This morning, in USA Today, Governor Mitt Romney writes of President Reagan’s legacy of optimism and strength:

An “amiable dunce” is what Washington super-lawyer Clark Clifford once called President Reagan.

That was the conventional wisdom among liberals back then. But opinions, at least in some important quarters, have shifted. Campaigning for the presidency, Barack Obama paid tribute to our 40th president’s remarkable achievements. Ronald Reagan, he said, “changed the trajectory of America in a way that Richard Nixon did not, that Bill Clinton did not.” He put “us on a fundamentally different path.”

I agree with President Obama. Ronald Reagan was a transformative president.

America entered the Reagan era as one kind of country and exited it another. His mixture of extraordinary personal and political qualities made it possible. One must begin with his sunny disposition: cheerful conservatism in flesh and blood. The Gipper’s irrepressible high spirits tapped into something deeply rooted in the country: optimism, faith in America itself.

Reagan came to occupy the White House in a moment of national crisis, not altogether dissimilar from the one we face today. broad, the Soviet invasion of Afghanistan had brought the Cold War to the boiling point. Islamic radicals in Iran humiliated our country in a 444-day hostage drama.
At home, the misery index — the sum total of unemployment and inflation — had reached a post-war high. Jimmy Carter, shivering in the under-heated White House, was complaining about American “malaise.”

Reagan would have none of this. His policies, foreign and domestic, reflected his optimistic spirit. He confronted the Kremlin frontally. He initiated a military buildup that outmatched the USSR, challenged it in Afghanistan, and launched the Strategic Defense Initiative that is now vital to our defense.

Governor Romney then proceeds to underscore President Reagan’s indomitable, positive approach to solving America’s formidable foreign and domestic challenges with strength and forthrightness.

Reagan would have none of this. His policies, foreign and domestic, reflected his optimistic spirit. He confronted the Kremlin frontally. He initiated a military buildup that outmatched the USSR, challenged it in Afghanistan, and launched the Strategic Defense Initiative that is now vital to our defense.

Here at home, Reagan saw a federal government that had become, like a diseased heart, enlarged and sclerotic. Paving a path trod today by the Tea Party, he sharply cut taxes to restore economic growth. He took painful measures to rein in double-digit inflation. He fought to cut federal spending. He sought to restore our Founding Fathers’ vision of American greatness and limited government.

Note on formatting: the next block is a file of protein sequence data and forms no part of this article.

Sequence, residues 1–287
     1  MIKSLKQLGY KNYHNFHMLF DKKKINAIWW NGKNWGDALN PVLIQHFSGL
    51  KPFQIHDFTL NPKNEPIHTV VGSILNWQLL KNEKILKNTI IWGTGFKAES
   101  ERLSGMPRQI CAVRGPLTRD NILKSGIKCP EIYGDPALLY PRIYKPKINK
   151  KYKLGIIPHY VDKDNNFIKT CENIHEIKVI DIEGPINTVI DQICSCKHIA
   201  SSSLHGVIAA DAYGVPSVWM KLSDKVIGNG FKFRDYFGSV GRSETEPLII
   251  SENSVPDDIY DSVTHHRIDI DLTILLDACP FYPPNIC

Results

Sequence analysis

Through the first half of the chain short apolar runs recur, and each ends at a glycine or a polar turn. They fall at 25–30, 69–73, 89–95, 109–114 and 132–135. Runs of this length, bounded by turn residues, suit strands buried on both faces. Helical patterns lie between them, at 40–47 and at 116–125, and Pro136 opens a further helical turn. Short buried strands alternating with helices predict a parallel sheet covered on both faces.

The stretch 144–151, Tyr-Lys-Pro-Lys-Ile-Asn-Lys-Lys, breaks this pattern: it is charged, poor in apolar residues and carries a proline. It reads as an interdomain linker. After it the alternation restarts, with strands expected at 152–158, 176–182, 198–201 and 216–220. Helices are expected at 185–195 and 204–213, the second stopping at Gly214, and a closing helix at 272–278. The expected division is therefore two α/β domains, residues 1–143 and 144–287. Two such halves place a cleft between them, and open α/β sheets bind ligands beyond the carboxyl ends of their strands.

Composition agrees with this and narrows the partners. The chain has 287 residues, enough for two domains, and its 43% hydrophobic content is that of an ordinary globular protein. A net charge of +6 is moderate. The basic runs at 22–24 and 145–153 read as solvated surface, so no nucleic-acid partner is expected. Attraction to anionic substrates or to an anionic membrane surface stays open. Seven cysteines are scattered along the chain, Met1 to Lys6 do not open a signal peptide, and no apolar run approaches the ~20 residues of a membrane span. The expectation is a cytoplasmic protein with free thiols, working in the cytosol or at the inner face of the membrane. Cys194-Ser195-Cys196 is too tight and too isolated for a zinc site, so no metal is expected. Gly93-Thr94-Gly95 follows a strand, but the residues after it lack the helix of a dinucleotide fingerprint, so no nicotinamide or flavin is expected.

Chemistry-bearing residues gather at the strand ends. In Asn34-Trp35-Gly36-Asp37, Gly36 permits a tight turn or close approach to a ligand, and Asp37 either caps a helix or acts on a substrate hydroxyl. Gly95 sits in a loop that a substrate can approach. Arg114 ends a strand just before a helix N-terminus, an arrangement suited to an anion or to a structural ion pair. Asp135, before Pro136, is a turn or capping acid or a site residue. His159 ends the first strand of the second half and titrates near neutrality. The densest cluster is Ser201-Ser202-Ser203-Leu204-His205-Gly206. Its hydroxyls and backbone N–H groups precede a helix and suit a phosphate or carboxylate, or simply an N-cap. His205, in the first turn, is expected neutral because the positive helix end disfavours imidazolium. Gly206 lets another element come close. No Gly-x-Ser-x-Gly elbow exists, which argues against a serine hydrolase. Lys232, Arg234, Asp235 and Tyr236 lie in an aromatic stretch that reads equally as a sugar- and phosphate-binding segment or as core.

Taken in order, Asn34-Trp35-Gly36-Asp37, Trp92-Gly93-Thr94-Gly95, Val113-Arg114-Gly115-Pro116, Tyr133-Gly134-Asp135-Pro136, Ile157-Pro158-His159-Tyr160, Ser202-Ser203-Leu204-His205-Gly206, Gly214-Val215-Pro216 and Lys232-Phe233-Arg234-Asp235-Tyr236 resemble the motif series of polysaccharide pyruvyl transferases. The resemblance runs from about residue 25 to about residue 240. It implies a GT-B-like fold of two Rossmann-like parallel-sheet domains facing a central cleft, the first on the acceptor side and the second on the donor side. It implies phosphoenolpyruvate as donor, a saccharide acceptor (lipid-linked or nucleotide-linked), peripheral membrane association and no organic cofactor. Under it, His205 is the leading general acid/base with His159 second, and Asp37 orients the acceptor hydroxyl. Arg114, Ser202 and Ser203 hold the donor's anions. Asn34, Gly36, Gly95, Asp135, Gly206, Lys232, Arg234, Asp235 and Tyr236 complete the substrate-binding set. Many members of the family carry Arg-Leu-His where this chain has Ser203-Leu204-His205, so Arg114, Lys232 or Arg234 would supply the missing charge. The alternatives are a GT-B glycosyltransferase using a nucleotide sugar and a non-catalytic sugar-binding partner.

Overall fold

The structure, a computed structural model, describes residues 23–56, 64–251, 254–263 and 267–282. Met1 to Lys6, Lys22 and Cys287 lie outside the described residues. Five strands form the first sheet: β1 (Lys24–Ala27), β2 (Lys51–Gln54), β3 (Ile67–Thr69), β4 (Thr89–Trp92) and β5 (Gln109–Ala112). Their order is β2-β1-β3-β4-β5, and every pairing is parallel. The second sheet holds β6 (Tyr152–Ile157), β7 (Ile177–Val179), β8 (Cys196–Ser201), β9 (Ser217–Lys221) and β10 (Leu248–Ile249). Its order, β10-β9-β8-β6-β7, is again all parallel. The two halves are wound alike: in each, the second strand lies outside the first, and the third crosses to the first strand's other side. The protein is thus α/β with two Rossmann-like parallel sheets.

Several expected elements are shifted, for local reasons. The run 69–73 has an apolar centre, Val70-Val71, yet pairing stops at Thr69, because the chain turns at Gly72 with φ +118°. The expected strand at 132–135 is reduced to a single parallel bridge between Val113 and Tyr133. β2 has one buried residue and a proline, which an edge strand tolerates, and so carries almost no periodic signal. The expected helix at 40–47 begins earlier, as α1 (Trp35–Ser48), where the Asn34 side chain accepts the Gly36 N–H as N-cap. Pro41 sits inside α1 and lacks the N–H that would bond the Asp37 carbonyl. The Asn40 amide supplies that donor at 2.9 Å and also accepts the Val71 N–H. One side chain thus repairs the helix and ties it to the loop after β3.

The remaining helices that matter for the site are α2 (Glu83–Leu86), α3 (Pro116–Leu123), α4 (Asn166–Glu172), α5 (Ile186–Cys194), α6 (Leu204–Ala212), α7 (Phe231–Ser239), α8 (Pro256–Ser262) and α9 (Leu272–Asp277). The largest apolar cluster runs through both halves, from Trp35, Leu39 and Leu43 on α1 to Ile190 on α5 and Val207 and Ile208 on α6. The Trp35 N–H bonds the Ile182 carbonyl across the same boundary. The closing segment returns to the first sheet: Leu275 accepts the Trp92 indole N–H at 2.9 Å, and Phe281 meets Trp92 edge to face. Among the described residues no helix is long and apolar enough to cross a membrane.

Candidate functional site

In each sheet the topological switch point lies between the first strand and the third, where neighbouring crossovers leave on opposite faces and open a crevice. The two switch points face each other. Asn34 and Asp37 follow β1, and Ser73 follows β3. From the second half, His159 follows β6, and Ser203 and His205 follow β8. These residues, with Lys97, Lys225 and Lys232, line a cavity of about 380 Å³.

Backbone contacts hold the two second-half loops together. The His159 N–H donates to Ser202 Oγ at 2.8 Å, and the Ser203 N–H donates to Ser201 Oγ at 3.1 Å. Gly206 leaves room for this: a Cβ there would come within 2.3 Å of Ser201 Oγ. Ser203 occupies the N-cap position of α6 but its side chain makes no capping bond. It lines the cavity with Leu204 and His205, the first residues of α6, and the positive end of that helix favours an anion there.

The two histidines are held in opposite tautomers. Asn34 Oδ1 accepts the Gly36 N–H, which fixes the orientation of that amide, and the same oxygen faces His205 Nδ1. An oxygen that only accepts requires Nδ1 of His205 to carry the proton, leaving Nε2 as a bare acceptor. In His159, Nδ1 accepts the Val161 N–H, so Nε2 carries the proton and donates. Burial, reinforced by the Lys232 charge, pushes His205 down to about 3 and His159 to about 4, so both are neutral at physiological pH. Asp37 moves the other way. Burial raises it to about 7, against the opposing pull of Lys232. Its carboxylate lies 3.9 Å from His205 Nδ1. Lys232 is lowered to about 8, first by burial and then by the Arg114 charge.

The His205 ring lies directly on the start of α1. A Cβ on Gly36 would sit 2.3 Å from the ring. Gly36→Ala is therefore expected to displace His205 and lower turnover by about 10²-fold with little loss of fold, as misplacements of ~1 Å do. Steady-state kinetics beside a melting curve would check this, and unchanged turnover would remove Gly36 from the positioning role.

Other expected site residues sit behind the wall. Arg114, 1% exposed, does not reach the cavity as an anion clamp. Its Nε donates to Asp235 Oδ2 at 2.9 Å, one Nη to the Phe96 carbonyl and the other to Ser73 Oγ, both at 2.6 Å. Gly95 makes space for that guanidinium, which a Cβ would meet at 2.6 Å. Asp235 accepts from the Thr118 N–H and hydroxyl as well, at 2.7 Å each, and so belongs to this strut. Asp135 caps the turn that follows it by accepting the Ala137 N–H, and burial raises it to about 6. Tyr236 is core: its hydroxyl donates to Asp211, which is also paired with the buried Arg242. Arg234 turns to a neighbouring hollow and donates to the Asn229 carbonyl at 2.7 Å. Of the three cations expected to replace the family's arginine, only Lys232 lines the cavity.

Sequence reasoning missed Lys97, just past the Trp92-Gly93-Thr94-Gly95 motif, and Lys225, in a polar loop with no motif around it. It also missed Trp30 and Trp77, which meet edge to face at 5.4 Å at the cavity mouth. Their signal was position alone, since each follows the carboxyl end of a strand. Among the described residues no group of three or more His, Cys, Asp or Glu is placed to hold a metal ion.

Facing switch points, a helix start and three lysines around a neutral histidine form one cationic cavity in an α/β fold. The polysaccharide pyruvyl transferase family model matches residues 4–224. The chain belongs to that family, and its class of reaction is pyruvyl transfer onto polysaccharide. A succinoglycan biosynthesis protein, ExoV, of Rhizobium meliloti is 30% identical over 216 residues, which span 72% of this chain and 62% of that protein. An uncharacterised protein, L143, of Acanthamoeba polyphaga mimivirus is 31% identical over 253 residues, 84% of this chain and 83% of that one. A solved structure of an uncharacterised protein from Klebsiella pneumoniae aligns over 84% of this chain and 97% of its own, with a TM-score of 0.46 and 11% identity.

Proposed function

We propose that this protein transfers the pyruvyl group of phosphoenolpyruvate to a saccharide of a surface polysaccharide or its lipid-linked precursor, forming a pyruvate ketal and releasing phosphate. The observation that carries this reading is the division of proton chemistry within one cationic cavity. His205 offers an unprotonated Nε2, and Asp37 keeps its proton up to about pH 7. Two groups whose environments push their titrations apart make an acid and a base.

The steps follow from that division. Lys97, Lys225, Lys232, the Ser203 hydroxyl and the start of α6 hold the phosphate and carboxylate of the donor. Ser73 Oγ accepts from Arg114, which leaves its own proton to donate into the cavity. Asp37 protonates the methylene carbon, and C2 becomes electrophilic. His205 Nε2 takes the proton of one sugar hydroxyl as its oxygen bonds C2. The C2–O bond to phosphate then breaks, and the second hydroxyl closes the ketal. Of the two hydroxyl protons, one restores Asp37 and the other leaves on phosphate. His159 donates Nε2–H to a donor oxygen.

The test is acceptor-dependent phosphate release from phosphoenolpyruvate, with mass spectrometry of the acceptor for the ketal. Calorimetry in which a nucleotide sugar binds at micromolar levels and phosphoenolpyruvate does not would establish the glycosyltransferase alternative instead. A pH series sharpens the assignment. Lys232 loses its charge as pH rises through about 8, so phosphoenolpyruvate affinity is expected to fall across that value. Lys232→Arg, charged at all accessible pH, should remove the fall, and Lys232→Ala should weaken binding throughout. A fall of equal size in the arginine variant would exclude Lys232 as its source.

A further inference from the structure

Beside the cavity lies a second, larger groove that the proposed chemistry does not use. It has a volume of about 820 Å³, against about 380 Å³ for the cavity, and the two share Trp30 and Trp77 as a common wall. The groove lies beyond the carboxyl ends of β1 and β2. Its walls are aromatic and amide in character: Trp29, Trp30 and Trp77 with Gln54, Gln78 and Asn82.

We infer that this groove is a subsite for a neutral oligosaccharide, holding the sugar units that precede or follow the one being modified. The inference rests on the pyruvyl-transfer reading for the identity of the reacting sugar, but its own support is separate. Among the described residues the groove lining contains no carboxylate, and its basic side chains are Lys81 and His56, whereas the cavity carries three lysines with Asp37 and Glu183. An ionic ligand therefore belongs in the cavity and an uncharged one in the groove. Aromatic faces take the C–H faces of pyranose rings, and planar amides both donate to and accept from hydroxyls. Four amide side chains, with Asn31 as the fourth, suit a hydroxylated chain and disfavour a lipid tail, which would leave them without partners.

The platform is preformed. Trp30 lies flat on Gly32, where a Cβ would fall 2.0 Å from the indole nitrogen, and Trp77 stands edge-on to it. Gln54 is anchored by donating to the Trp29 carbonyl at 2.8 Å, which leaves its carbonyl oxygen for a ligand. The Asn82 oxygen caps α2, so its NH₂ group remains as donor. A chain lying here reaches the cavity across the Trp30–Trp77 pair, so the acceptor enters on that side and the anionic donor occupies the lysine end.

Read entire article here.

Anyone familiar with Governor Romney knows he has frequently spoken and written about our nation’s current woes with similar optimism. In his book No Apology: The Case for American Greatness, Romney provides in-depth analysis on economic and security threats from foreign nations, why America’s national advantages have eroded, and outlines how fresh, creative, bold ideas will strengthen America and preserve our global leadership.

As some did with President Reagan, some underestimate Gov Romney. As the Centennial Celebration unfolds this year, along with an almost 99% certainty of a Romney candidacy for president, we’ll have plenty of opportunity to celebrate our 40th President and to promote and enjoy the man who impeccably exemplifies Reagan’s ideals and unwavering optimism, who has the knowledge and strength of experience to assure us that it can be ‘morning in America’ again… Mitt Romney.

1//11/01 - Tournament of Roses Parade (Pasadena, CA) awards 'Best Depiction of Life in U.S. Past, Present, or Future' to float depicting Ronald Reagan's life.

The commemorative Ronald Reagan float was 55 feet long and 26 feet high. It featured 11 larger-than-life photos of ‘iconic’ moments in his life that were made of rice and poppy seeds. Former First Lady Nancy Reagan helped select the photos. NOTE: CLICK ON IMAGE TO MAKE LARGER

► Jayde Wyatt

To read other op-eds by Governor Romney, click here.